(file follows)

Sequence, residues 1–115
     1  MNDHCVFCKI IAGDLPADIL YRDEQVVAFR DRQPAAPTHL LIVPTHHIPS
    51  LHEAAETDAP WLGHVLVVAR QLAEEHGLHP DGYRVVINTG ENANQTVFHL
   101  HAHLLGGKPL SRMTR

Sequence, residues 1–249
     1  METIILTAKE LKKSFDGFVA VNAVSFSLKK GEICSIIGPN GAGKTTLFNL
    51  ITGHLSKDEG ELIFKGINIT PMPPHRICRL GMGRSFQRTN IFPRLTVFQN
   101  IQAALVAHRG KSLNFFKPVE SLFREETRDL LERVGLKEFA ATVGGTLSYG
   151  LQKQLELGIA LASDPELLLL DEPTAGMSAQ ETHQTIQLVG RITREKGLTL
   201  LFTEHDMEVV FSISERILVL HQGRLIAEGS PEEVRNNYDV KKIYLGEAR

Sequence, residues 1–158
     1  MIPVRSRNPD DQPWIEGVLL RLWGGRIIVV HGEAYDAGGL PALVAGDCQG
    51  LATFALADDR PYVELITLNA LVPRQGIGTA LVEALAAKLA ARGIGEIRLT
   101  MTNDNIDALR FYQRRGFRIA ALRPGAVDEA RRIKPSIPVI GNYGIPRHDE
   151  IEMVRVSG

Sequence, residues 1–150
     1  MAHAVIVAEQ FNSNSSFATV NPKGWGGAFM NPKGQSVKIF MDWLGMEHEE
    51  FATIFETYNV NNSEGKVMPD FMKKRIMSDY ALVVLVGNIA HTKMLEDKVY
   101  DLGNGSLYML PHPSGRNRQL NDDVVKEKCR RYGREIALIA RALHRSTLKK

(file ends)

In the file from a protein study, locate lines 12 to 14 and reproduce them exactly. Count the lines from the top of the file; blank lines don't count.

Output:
     1  MIPVRSRNPD DQPWIEGVLL RLWGGRIIVV HGEAYDAGGL PALVAGDCQG
    51  LATFALADDR PYVELITLNA LVPRQGIGTA LVEALAAKLA ARGIGEIRLT
   101  MTNDNIDALR FYQRRGFRIA ALRPGAVDEA RRIKPSIPVI GNYGIPRHDE